David Tran is the CEO of Huy Fong Foods, producer of the legendary red bottle, green-capped Sriracha sauce. The”hipster ketchup” traces its origins from the mouths of foodies throughout the world straight back to Los Angeles, California, Tran’s home after emmigrating from Vietnam in the late 1970s. His motivation for first creating sriracha was very simple: lack of an adequate hot sauce for his pho. After realizing this missing piece in LA’s Asian community (many others wanted nothing more than great sauce for their delectable noodles), he crafted a chili sauce which he sold from the back of his van. Huy Fong Foods now enjoys a wonderful culture of transparency in manufacturing and brand cultivation overall, but this was not always the case.
The fact remains that Huy Fong Foods spent zero dollars and zero cents on sales representatives, marketing, and advertising until only a few years ago. Similarly, a complete lack of a social media presence accompanied this epic sauce that fills more than 20 million bottles per year. That’s right. No Facebook until 2014? Srirach-anamoly, if you ask me. Word of mouth marketing took the spicy goodness from van to production plant. It was also the sole reason for sriracha’s persistent double-digit sales growth, to the tune of $60 million in 2013. If you asked David Tran about his company’s remarkable success, he would mention how this wasn’t in his game plan when he arrived in America. According to an article by Quartz, he “started the business with [his] eyes closed” and with “no expectations at all.”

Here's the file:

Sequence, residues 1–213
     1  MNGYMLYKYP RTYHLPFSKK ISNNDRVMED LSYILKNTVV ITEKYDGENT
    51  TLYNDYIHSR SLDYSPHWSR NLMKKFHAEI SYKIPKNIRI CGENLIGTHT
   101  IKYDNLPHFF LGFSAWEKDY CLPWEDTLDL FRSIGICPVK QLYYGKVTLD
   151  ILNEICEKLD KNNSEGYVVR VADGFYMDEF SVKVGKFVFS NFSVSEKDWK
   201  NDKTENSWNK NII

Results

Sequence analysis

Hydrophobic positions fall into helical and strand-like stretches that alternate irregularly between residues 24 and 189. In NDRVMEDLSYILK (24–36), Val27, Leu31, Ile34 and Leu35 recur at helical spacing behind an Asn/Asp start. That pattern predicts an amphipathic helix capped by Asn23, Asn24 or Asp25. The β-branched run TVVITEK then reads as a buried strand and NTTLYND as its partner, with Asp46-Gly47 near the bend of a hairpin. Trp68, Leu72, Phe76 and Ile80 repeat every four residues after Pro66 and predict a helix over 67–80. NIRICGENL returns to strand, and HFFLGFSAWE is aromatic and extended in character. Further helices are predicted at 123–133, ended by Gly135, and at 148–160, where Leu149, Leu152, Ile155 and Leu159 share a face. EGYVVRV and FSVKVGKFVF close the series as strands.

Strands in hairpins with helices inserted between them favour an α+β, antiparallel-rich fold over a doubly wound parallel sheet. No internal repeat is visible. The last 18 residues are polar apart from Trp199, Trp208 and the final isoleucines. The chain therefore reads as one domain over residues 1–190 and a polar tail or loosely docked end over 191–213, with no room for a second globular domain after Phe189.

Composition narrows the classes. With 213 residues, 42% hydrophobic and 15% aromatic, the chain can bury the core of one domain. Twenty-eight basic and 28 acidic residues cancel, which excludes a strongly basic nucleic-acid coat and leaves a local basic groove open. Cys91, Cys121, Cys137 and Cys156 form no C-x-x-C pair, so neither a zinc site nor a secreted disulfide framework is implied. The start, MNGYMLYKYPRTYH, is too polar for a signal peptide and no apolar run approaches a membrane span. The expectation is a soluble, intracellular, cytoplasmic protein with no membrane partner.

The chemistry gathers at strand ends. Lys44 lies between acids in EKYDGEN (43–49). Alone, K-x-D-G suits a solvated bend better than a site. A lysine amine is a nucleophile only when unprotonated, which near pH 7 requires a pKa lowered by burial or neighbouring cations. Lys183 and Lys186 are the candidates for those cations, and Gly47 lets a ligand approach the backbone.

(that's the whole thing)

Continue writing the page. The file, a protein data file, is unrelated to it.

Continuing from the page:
Now, Huy Fong Foods processes upwards of 10 million pounds of fresh jalapeño peppers during a season of only two and a half months. He is apparently so focused on the quality of his product that he refuses to raise the wholesale price of his coveted sauce. On average, food prices have tripled since 1980; these indicate a clear gap in Tran’s potential to increase his company’s cap in the billion dollar America hot sauce market. Tran has, in due course, received countless calls with lofty offers from investors. Some wish to purchase Huy Fong Foods on the spot, while others promise substantially higher returns than he sees already. He refuses them constantly, poignantly stating that “People who come here are never interested in the product, only in the profits.”
Despite his reluctance to propel the sriracha brand with a social media effort and sales representatives, an imminent lawsuit warned him otherwise. When he moved his factory to a bigger location in Irwindale, CA, he was “sued over concerns that fumes from grinding fresh chili peppers caused odors and eye-watering airborne irritants.” In order to save his company from this potentially brand-damaging fiasco, he opened his factory doors and began to take his sauce from its humble bottle into a full-fledged marketing effort. Today, he boasts a strong Twitter, Facebook, and Instagram following, along with a refined website. Today, his customers enjoy the transparency they imagined for many years. Along with his two additional hot sauces, he has licensed sriracha in 22 different places, with a total network of over 100 distributors.
Personally speaking, I am in love with sriracha sauce and was excited to learn about David Tran’s principles which have guided his company for decades. My favorite is his attention to detail with his product and his careful decision-making in terms of licensing. After all, what other food product could amass $60 million in gross revenue utilizing only word of mouth marketing? It truly transcends boundaries in that way. Another notable practice of Tran’s, one with which I don’t necessarily agree, involves his refusal to change wholesale pricing. His distributors name their prices, anywhere from $1.99 to $7.99 per bottle, and from the looks of things, this will not change for a long time coming. For now, he will stick to brand transparency and grow his consumer base. Eventually, his sriracha connoisseurs will carry it with them everywhere they go. After all, there are those who love sriracha, and those who need sriracha.
All hail the rooster! ;)